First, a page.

- Molotov cocktails incident rocks Force India team in Bahrain
- Bahrain F1 chief plays down Force India incident
- Rosberg now in top F1 drivers' league - Berger
- Ecclestone meets again with French gov't minister
- New York organisers deny 2013 race delay
Molotov Cocktail incident rocks Force India team in Bahrain
Security fears have rocked Force India in Bahrain after mechanics travelling in a team hire car were caught up in a Molotov cocktail attack in a clash between police and demonstrators.
Earlier, it was confirmed a team member who was not travelling in the car had been given permission to return to the UK.
Now, the Associated Press reports on Thursday that a second team member - one who was in the vehicle - is also leaving Bahrain.
"They were just people working for the team," said a team spokesman.
Force India's drivers confirmed the uneasy feeling in the team.
"It's a difficult one isn't it? I'm sure it's affecting everybody at the moment," said Paul di Resta.
"I've not spoken to everybody within the team, but there is some concern and some people have felt it a bit more than others.
"As for me, I'm how I've felt for the last couple of weeks, although there is an edge to things at the moment," said the Scot.
"I don't think, from what we've seen at the moment, the people (protesters) are here to hurt us.
"Everybody is individual, but when you feel uncomfortable, then you take action like the two people in our team have done," he added.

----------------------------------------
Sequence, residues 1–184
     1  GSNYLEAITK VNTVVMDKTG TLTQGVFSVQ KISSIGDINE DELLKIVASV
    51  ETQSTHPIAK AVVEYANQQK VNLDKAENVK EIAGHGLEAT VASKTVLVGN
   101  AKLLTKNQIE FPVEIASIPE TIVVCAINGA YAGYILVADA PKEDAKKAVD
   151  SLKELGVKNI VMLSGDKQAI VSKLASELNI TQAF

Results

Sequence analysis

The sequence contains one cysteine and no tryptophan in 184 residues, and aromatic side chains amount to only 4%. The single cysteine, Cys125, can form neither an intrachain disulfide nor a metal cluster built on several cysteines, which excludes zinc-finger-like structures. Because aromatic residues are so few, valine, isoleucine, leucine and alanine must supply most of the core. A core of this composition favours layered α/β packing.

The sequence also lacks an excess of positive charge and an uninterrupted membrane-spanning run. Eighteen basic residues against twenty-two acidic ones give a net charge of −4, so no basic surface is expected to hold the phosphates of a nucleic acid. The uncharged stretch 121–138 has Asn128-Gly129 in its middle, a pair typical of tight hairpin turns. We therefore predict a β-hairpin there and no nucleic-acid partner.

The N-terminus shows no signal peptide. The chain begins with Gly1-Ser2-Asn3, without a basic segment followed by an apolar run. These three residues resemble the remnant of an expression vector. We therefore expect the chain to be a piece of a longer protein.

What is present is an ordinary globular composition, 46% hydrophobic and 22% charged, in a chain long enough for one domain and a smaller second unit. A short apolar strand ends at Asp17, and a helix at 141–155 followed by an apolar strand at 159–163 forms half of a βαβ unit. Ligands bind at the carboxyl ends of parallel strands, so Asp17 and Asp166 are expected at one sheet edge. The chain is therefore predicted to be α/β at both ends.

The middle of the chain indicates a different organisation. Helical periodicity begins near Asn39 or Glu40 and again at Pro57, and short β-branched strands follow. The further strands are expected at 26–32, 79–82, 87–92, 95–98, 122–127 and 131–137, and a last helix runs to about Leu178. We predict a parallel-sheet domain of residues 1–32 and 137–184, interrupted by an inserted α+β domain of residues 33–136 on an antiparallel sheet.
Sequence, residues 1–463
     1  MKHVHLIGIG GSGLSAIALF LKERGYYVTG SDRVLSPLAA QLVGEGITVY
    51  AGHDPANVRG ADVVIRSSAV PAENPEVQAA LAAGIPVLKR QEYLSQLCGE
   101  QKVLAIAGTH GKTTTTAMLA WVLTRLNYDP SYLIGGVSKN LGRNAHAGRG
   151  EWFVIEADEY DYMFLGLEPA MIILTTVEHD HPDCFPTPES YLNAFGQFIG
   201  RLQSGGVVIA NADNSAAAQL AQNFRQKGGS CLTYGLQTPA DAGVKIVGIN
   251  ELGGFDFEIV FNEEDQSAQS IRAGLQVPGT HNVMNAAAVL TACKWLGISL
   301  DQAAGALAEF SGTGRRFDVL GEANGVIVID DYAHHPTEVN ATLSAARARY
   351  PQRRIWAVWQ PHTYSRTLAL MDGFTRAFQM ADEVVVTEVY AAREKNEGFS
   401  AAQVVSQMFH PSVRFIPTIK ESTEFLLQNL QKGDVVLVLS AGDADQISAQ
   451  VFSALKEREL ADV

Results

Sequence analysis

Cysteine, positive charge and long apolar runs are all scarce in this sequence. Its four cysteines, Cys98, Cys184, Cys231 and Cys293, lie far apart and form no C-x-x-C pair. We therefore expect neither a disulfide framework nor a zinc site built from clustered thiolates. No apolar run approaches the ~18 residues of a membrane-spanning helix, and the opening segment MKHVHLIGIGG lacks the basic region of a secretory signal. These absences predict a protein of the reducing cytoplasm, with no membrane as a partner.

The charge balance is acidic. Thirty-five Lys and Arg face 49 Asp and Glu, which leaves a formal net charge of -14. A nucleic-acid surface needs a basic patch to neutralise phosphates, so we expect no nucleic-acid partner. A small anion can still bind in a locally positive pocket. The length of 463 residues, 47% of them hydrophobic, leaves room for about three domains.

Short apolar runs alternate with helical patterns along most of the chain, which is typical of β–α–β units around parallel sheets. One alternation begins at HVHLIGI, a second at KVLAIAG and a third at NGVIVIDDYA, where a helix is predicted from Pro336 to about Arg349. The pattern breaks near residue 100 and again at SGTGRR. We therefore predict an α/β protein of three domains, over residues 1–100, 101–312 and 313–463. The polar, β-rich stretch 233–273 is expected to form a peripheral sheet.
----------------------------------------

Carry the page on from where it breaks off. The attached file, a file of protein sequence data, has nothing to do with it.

Di Resta's teammate Nico Hulkenberg admitted it is "not right" a sport is being affected by a country's politics.
"The F1 business is about entertainment, and these sorts of things should not really be happening to us," the German is quoted by AFP-Sapa news agency.
"It is not good that we have to worry about it - but that is the way it is now so let's see and hope that the rest of the weekend is good and calm."
Bahrain F1 chief plays down Force India incident
Bahrain's Grand Prix chief on Thursday played down the incident that caused a member of the Force India team to pull out of the event.
The team member was granted permission by Force India chiefs to head back to the UK, after a rented van carrying his colleagues was caught up in a Molotov cocktail attack on the return trip from the circuit late on Wednesday.
"They weren't targeted. They just happened to be there," said the Sakhir circuit's chairman Zayed R Alzayani, according to the BBC.
"It could happen in any place in the world really, getting caught up in a riot or a fight or anything."
He admitted there will "probably" be more incidents before the weekend is out.
"I don't think they will be within the track or close to the track, and I think they will be handled in the right way."
As for his advice to race-goers, Alzayani insisted: "Don't be too worried and too distracted not to enjoy the weekend."
In a provided media statement on Thursday, the Bahrain International Circuit said Force India was caught up in an "isolated incident".
Rosberg now in top F1 drivers' league - Berger